The Value Fund took a position in Daiwa Securities in (TSE:8601) the third quarter of 2012. Daiwa is the second largest Japanese brokerage company. It has been a terrific investment for our shareholders. As detailed in the Shareholder Letter that quarter, Daiwa was well capitalized with a 27.4% capital adequacy ratio, but traded at a 27% discount to tangible book value. Investors were worried about the investment environment in Japan, as well as the fact that Daiwa pursued a restructuring program that focused the company on its domestic constituency.
Investors were right to have worried about Daiwa's move towards a Japan-centric strategy as financial market conditions were bleak. Risk aversion was rampant in Japan as households had over 50% of their assets invested in cash products and only 10% in equity products. Trading volumes and IPO activity had plummeted, which is very important to Daiwa as its revenues are strongly correlated with financial market activity. Daiwa's management seemed determined to steer the company towards Japan's troubled economy, rather than away from it, a direction that some investors were not willing to pursue.
Investors usually have reasons for their behavior and, in this case, the Daiwa bearishness certainly seemed to have rational foundations. But we looked at Daiwa differently. Daiwa's strong balance sheet gave it time to re-focus the business, even if results were not immediately positive. Daiwa felt its competitive position was strongest in Japan so it was better to compete there than in other markets. At a 30%discount to book value, the company was priced as if it would continue to destroy value over time. Once the cost cutting was completed, we didn't think that scenario was likely.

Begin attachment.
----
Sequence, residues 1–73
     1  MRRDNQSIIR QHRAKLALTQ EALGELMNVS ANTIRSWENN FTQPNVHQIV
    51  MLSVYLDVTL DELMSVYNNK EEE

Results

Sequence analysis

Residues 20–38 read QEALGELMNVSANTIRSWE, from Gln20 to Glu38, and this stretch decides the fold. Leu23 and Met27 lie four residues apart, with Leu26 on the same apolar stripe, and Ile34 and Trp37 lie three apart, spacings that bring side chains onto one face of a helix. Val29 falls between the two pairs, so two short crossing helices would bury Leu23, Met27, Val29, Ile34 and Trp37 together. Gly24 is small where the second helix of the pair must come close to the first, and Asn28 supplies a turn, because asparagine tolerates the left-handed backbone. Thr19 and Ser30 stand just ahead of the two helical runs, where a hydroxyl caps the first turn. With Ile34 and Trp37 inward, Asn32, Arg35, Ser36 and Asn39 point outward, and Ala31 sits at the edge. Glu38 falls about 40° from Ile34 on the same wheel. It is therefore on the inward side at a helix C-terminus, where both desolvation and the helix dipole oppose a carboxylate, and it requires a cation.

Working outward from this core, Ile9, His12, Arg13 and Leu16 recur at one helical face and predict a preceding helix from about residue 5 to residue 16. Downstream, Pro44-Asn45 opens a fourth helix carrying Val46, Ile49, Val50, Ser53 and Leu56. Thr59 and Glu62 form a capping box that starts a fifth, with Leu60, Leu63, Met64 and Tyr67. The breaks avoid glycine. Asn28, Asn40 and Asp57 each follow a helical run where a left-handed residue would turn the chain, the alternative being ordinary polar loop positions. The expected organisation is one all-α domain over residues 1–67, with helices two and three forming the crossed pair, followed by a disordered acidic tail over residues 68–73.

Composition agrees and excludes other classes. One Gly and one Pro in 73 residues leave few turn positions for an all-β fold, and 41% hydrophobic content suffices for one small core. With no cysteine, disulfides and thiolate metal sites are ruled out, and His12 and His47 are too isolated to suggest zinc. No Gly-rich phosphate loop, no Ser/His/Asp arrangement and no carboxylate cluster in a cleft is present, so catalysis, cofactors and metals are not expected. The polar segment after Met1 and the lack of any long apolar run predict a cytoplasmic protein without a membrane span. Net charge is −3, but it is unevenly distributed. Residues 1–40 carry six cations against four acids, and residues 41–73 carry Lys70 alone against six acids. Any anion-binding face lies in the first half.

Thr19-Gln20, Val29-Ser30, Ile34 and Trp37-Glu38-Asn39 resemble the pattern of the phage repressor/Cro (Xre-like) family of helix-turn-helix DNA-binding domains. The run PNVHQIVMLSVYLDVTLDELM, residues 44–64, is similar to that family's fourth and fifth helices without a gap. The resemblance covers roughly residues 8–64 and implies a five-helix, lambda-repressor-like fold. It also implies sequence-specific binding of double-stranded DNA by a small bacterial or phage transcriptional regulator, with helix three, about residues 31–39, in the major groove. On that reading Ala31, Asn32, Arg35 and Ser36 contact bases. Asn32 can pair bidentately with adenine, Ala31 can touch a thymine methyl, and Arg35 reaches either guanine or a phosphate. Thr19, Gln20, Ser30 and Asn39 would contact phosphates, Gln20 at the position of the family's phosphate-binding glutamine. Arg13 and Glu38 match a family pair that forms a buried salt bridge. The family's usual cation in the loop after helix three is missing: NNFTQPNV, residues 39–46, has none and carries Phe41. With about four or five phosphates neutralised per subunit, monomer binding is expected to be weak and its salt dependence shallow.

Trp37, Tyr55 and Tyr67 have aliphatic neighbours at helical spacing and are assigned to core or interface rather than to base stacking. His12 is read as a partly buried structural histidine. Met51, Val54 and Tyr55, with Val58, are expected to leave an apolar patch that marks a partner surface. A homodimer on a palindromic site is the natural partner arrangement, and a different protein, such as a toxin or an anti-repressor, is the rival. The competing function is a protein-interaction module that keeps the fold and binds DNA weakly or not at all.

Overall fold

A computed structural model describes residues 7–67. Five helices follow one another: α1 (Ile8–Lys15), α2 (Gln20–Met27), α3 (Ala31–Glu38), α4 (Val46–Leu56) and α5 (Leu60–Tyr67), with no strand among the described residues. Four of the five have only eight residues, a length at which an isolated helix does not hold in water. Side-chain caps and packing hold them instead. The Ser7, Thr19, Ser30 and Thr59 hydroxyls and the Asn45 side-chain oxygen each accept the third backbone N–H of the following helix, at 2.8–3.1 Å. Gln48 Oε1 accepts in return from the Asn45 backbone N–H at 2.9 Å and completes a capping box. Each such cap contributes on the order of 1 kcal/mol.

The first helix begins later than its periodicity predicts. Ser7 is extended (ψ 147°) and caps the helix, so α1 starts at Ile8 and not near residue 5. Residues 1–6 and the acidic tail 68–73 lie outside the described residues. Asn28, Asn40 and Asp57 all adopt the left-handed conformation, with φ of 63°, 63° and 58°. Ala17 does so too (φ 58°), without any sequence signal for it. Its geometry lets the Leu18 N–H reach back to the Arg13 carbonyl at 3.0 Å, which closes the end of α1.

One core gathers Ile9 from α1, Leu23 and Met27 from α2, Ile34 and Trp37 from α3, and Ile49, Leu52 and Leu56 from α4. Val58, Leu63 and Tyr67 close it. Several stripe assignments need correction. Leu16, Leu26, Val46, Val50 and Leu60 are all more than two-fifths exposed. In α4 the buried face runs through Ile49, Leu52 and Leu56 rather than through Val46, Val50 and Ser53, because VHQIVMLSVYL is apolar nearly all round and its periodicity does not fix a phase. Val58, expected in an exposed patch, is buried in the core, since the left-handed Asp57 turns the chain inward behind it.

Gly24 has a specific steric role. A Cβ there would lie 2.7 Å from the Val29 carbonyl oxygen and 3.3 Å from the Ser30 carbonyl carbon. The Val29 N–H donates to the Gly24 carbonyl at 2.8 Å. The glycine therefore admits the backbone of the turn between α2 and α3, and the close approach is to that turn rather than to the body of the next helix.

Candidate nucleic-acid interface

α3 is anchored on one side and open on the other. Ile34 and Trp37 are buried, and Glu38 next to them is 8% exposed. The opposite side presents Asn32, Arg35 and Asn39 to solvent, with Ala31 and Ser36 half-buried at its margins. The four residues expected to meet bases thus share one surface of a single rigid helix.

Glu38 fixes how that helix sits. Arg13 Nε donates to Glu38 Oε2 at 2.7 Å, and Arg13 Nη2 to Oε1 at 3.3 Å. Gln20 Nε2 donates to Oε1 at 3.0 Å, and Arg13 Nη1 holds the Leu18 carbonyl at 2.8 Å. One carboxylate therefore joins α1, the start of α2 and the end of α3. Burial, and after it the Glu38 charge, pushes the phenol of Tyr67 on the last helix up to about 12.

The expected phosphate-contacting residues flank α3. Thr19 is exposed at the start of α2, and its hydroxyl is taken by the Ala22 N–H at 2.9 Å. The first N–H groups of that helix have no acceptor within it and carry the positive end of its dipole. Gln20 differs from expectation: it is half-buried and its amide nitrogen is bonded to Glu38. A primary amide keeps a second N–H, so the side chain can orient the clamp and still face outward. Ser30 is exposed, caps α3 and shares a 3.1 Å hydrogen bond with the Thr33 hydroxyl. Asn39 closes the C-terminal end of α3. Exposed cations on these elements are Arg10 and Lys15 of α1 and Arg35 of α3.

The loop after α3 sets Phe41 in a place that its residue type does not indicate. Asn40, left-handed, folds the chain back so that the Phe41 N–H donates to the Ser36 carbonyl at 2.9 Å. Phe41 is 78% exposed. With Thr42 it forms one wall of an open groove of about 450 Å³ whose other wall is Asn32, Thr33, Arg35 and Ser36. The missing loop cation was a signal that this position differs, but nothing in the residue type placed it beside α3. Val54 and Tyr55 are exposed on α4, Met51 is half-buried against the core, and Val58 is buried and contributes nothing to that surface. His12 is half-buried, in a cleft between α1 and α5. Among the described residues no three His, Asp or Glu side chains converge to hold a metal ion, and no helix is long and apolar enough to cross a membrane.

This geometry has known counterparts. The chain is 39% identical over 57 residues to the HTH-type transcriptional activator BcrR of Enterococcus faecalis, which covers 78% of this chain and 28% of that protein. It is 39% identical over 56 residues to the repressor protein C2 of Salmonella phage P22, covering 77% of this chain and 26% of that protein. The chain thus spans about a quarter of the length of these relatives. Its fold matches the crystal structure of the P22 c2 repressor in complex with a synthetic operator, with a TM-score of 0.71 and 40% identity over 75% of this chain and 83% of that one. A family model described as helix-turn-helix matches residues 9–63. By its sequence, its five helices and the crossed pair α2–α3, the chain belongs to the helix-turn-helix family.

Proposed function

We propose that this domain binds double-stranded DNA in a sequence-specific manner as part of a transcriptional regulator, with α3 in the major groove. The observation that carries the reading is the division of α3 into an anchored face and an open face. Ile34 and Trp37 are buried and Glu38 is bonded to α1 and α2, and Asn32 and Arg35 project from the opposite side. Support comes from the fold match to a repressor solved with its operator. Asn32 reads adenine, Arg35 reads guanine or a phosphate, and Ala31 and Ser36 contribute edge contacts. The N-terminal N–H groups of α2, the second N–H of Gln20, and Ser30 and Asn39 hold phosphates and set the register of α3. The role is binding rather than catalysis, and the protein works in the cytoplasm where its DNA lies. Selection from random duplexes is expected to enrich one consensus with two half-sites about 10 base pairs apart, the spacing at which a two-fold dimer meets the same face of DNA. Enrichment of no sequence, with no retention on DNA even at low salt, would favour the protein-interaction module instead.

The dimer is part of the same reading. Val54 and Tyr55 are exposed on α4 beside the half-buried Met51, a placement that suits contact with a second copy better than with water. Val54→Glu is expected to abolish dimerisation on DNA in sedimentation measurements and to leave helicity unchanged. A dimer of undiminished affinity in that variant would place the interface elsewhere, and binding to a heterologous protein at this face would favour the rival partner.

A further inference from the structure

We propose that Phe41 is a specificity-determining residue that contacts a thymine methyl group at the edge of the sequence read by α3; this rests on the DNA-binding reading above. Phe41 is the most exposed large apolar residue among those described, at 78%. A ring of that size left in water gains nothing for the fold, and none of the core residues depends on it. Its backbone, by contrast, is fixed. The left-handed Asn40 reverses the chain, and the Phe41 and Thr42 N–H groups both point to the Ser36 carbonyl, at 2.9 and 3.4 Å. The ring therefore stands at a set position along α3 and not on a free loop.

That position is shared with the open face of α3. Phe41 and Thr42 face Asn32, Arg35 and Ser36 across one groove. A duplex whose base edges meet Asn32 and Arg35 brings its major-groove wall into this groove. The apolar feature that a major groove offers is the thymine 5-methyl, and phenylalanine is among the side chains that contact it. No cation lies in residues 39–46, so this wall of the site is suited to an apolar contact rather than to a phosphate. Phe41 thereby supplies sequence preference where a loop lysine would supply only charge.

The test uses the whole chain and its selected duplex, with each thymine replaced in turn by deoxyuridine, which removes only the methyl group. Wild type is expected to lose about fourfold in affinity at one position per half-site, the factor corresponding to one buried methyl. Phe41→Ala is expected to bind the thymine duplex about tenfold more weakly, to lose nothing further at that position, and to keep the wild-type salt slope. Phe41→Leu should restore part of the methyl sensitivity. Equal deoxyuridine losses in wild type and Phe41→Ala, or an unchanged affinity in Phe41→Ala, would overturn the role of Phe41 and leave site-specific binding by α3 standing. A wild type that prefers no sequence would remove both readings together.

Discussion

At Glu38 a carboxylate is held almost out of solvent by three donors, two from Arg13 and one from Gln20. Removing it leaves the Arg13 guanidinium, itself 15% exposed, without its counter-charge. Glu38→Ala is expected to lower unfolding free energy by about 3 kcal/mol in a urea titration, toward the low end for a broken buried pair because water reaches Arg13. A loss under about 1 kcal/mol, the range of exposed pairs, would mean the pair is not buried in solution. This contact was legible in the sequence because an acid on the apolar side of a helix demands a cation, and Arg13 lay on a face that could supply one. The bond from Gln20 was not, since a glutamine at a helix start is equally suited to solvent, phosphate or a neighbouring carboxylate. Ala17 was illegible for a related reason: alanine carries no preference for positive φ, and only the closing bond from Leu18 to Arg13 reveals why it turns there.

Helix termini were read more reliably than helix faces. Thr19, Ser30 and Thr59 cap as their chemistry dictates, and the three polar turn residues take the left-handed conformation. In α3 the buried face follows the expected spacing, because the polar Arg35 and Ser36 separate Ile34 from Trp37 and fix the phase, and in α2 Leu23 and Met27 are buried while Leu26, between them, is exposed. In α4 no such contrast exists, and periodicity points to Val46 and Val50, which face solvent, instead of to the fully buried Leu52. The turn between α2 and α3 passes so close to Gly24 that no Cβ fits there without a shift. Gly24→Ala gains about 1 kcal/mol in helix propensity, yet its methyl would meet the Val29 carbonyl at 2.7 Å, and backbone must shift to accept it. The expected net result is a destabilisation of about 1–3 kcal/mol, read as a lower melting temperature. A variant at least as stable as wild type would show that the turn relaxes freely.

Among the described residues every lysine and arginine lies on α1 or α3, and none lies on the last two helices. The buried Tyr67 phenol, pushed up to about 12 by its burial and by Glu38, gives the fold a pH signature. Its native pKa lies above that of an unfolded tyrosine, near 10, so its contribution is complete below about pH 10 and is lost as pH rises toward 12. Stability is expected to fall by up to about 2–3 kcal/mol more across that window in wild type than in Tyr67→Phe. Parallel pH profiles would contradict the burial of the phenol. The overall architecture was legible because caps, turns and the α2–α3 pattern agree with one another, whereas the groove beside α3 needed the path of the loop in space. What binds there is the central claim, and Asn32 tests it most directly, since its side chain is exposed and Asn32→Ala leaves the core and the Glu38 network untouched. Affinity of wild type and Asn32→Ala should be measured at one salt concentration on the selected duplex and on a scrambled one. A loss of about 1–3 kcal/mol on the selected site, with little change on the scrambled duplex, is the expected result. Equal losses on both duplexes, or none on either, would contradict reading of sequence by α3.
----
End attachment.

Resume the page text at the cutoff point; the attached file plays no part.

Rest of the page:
Good things happen to cheap stocks. That's a perfect summary of what has happened to Daiwa over the past six months. The Abe government was installed in late 2012 and has taken highly aggressive measures to combat the deflation which has plagued Japan for the past 20+ years. So far, it has created a tidal wave in activity in Japan and Daiwa is benefitting greatly. Retail investors who have been on the sidelines are re-entering the markets. A recent study illustrated that retail volumes now account for 30% of activity vs. 20% in late 2012. With Japanese households having greater than $8.9 trillion in cash and deposits,there could be a lot more run-way for Daiwa to sell their services.
Admittedly, it's early and we are constantly assessing the risks and are continuously managing our position size. On the other hand, the financial results thus far have been eye popping. Daiwa released its most recent quarterly report in May; revenues grew 24% while SG&A declined 7% versus the previous year results. Book value per share grew15% year over year and the annualized return on equity was 22%. Most importantly, the capital adequacy ratio—a commonly used measure of balance sheet strength—remains at the same levels as when we initially made the investment.
From Third Avenue Management's semi-annual 2013 investor letter.